Even without a morning church service, it's not uncommon for many families to celebrate what has become a standard secular Christmas tradition: gathering the kids around a tree flanked with presents from Santa, pulling small gifts out of a stocking hung on the mantle, and later, a nice meal with the whole family.
But many people in Oak Park also celebrate the less time-honored holidays, while others take on the traditional, and leave out the religion.
For Oak Parker?#34;and pagan?#34;Laura Studebaker, the winter solstice, to most just the pesky darkest day of the year (yesterday as it happens), is a time to "bring light into your life that's normally not there."
Studebaker described the solstice as a "minor" pagan holiday, but one that is important because it marks a major changing of the seasons.
"The solstice is one of the lesser holidays; it's not as much of a big deal," she said. "It's not like Halloween."
Studebaker said she usually celebrates the solstice at home, with a special meal, and some gift-giving. The only noticeable example of the pagan tradition in her house around solstice time, she said, are the real candles her family places on the tree.
"We're careful about it," she added.
While Studebaker's solstice may be a more unique holiday to celebrate, some around town elect to continue with tradition, while finding creative ways to leave God out of the picture.
Lisa Lepine, a co-founder of the local organization Secular Jewish Community At School, which teaches children Jewish history and cultural traditions while not "identifying religiously," said her group this year hosted a Chanukah potluck at Andersen Center.
At the event, the group celebrates the holiday?#34;which is actually more of a festival, Lepine said, and by no means the most important in the Judaism?#34;with traditional foods and dancing.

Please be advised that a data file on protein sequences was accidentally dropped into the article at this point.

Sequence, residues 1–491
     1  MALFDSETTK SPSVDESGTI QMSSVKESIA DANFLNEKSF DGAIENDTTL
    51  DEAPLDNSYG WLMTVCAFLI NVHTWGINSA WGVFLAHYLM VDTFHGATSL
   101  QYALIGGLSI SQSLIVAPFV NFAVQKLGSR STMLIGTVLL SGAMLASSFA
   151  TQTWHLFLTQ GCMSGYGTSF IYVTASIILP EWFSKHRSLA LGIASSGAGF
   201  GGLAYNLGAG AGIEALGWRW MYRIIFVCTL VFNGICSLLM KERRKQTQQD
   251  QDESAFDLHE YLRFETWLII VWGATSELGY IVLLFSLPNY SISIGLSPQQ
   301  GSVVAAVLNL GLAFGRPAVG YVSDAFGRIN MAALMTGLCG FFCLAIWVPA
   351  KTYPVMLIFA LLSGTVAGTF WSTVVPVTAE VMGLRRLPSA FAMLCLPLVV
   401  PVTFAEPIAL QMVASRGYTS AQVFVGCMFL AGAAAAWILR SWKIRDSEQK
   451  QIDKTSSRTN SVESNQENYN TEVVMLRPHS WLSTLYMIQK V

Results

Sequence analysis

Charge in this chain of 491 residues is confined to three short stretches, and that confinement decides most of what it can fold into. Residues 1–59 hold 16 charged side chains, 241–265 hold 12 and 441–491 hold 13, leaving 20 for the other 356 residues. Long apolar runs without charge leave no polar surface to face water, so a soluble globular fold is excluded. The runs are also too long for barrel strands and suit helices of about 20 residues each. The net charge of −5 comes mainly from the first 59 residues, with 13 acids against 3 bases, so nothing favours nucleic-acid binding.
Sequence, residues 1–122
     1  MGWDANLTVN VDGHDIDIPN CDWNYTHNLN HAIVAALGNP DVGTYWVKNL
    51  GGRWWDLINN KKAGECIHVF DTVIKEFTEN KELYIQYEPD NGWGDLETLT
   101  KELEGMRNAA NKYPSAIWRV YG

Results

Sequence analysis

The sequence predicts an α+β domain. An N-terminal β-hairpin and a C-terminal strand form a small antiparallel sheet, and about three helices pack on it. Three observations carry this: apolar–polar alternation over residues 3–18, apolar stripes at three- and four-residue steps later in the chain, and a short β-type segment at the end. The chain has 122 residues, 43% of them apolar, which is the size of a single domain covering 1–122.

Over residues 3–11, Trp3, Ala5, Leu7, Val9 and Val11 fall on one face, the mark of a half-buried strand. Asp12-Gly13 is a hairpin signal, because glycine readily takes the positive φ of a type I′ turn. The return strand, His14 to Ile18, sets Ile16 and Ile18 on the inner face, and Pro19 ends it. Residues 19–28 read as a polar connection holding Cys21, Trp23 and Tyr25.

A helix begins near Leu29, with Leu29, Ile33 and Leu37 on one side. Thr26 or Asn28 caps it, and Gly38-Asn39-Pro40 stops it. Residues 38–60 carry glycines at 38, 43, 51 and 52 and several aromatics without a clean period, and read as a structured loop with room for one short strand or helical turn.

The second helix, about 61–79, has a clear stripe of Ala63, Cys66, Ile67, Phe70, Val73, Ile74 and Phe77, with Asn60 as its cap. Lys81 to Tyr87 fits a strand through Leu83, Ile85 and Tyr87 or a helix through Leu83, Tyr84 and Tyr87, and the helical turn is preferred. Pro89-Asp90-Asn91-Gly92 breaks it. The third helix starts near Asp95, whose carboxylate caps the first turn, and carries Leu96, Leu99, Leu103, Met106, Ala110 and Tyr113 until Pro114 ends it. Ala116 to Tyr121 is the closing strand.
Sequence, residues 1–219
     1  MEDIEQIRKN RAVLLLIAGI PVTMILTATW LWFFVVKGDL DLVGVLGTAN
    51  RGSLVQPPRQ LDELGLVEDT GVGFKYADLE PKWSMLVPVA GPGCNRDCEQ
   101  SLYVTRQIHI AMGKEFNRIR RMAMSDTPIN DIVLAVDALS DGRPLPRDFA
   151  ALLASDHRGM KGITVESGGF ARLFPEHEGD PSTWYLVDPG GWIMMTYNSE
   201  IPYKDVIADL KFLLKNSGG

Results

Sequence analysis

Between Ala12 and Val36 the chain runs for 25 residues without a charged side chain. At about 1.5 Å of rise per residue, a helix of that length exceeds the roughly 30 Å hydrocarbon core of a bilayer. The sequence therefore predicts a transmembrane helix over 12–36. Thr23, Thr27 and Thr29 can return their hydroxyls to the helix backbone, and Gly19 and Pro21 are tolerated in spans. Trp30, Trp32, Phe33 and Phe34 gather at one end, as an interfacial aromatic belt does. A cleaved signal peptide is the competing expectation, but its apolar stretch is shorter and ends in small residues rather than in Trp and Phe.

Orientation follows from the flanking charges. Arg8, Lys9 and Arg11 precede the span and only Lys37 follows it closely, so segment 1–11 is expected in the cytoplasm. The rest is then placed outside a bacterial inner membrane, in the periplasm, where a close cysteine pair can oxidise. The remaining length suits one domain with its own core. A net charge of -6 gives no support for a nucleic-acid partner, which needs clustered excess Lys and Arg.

"It's for me a sense of community history and tradition," she said, adding that at the event, the group does read blessings?#34;but without mention of God. "We've re-written the blessings to say that we rejoice in being together and in ourselves and in a sense as a people, rather than God."
"It's a bit of a substitute," she added.
No matter what alternative holiday you celebrate, however, there is one issue that those who don't celebrate Christmas contend with on December 25: They have the day off, and there's not much to do.
Sarah Kopp, an Oak Park native and practicing Jew, is coming home this weekend to enjoy the annual non-Christmas tradition she celebrates with her mom.
Though several years ago her family used to do volunteer work on Christmas,
Kopp said she now spends the day with her mom watching movies, relaxing in "special" flannel pajamas and eating either Chinese or Thai take-out. She added that movies must be rented at least three days in advance, otherwise there won't be much of a selection left, and the videos are an absolute must, because all that's on TV are "parades, Charlie Brown Christmas, and The 10 Commandments."
After dinner, Kopp said this year they plan to head down to the Loop to enjoy a quiet stroll past the holiday lights and window displays.
And even though she doesn't celebrate Christmas, Kopp said she enjoys the holiday as "a nice time to regroup, relax and rest."